North Korea also used this time to bolster its conventional and nuclear capabilities. Always fearful of invasion by the United States and South Korea, the North Korean leadership—led first by Kim Il-sung, then his son Kim Jong-il, and now his grandson Kim Jong-un—has consistently relied on sheer military might to ensure its survival. This has involved, among other things, the maintenance of a massive army, much of it arrayed along the demilitarized zone separating the two Koreas; the development of chemical, biological, and nuclear munitions; the acquisition of a wide range of ballistic missiles capable of striking US bases and civilian centers in neighboring countries; and the positioning of thousands of artillery pieces aimed at Seoul, the South’s capital and its main population center. All of these military assets, it is believed, are structured in such a way that any attack on the North—or on Kim himself—would automatically result in widespread death and destruction in South Korea, and possibly in Japan as well.

As a result, today we face a situation in which the room for American military maneuver, at least in these spheres of contestation, has been largely circumscribed. Any further US encroachments on Russia, China, or North Korea are likely to provoke a strong military response backed by nuclear retaliatory forces in each case. The United States can count on its superiority in conventional weaponry to overcome the comparable forces of its opponent in any such encounter, but its adversaries, well aware of this advantage, have sought “asymmetrical” means of response, including cyber-attacks, submarine warfare, and, in dire circumstances, nuclear strikes. From what we know of North Korean military doctrine, the nuclear option might well be exercised very early in a confrontation, at the earliest sign of a US invasion; under Russian doctrine, it could be triggered by any situation in which Russian armies face imminent defeat by superior NATO conventional forces. The US military, aware of these perils, is developing new delivery systems allowing it greater flexibility to initiate nuclear combat at a lower level of escalation.

This was the backdrop of the 2016 presidential election, in which both candidates sought to address the strategic impasse in which the United States now finds itself with vague talk of restoring American military prowess. We will never know how Hillary Clinton would have addressed the North Korea threat and these other challenges, but Trump’s response so far has been bluster, muscle-flexing, and thinly veiled threats. In the case of North Korea, he said in Poland on 
July 6 [2], “I have some pretty severe things that we’re thinking about.” In that same speech, he heartily backed NATO’s defense of the Baltic region, right on Russia’s doorstep. (However, in his meeting with Putin one day later, he largely avoided antagonistic language and sought to open the door to improvements in US-Russian relations.) In the case of China and the South China Sea, he ordered a US warship to patrol near one of those fortified islands, prompting a furious complaint from Beijing [3]. What comes next? Any further use of military force is likely to risk a comparable response of some sort from the other side, and we could then start on the ladder of escalation.

How do we respond to all this? The first step is to banish our nuclear amnesia and absorb the fact that the possibility of nuclear-weapons use is, once again, an ever-present, inescapable reality. Many of us remember a time when this was the prevailing situation, and can recall the massive popular efforts undertaken around the world to prevent nuclear war. We must resume that activism now. Others who weren’t alive during those torturous times will have to educate themselves about these weapons and the strategies governing their use. As various efforts gain momentum, our objectives should be to oppose the introduction of any new nuclear technologies that would invite early use, to accelerate the drawdown of existing nuclear arsenals, and to aim for the ultimate elimination of all nuclear weapons. In this last regard, we should salute the adoption, on July 7, of a new UN treaty banning their acquisition, testing, and use.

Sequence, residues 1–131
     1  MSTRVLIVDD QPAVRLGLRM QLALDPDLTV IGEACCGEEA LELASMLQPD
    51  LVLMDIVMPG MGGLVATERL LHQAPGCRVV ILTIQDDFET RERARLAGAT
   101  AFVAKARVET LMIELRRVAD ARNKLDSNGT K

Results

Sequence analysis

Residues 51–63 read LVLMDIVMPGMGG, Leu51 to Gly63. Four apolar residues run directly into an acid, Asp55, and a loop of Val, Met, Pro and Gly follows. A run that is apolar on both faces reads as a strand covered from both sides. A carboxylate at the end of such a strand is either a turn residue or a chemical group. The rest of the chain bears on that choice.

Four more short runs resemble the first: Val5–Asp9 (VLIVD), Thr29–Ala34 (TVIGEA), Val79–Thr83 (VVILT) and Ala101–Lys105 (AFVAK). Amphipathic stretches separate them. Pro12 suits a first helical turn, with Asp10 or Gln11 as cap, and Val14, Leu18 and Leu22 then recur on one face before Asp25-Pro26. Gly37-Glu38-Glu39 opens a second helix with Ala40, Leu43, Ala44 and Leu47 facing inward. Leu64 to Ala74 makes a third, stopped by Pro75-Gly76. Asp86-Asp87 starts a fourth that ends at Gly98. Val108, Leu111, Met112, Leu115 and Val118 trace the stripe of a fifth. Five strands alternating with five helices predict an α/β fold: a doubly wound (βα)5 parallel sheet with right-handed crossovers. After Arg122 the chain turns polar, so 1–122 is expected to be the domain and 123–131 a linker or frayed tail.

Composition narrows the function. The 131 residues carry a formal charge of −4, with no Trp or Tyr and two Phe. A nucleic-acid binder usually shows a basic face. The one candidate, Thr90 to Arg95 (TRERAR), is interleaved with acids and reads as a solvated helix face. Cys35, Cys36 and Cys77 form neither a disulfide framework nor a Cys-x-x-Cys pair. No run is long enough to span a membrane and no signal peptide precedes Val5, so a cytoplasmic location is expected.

When it comes to our immediate predicament involving North Korea and the other flash points identified above, our most important task is to warn against any use of military force to resolve tensions and to press instead for negotiated outcomes. It should be made clear—in letters to the editor, letters to our congressional representatives, and other forms of communication—that any military strike against North Korea is almost certain to result in massive civilian casualties, especially of Koreans, as well as the death and injury of numerous American soldiers and sailors based in the region. We must insist that there is a viable alternative: direct talks with the North Korean leadership aimed at forging a peaceful solution, followed by step-by-step measures to halt and then reverse the North Korean nuclear program, coupled with de-escalatory moves by South Korea and the United States. We learned how to speak with the Soviet Union about nuclear-arms control at the height of the Cold War, and we can learn to do the same with North Korea, however much we may dislike Kim Jong-un. That’s what presidents and secretaries of state are paid to do.

Regarding the other major flash points, judicious crisis management and the repudiation of military muscle-flexing have to be our top priorities. American leaders need to speak with their Russian and Chinese counterparts about mechanisms for avoiding unintended escalation, for example by devising “rules of the road” agreements that keep warplanes and ships a certain distance from each other when operating in close quarters. New hotlines may also be needed to address any crises arising in the Baltic region or the South China Sea. Perhaps Trump can raise such measures in conversations emerging out of the more constructive relationship he hopes to cement with Moscow, and from future encounters with President Xi Jinping of China. Ultimately, all of the parties to these disputes need to sit down together and adopt a common framework on the limits to military action in this troubled new era.

Michael T. Klare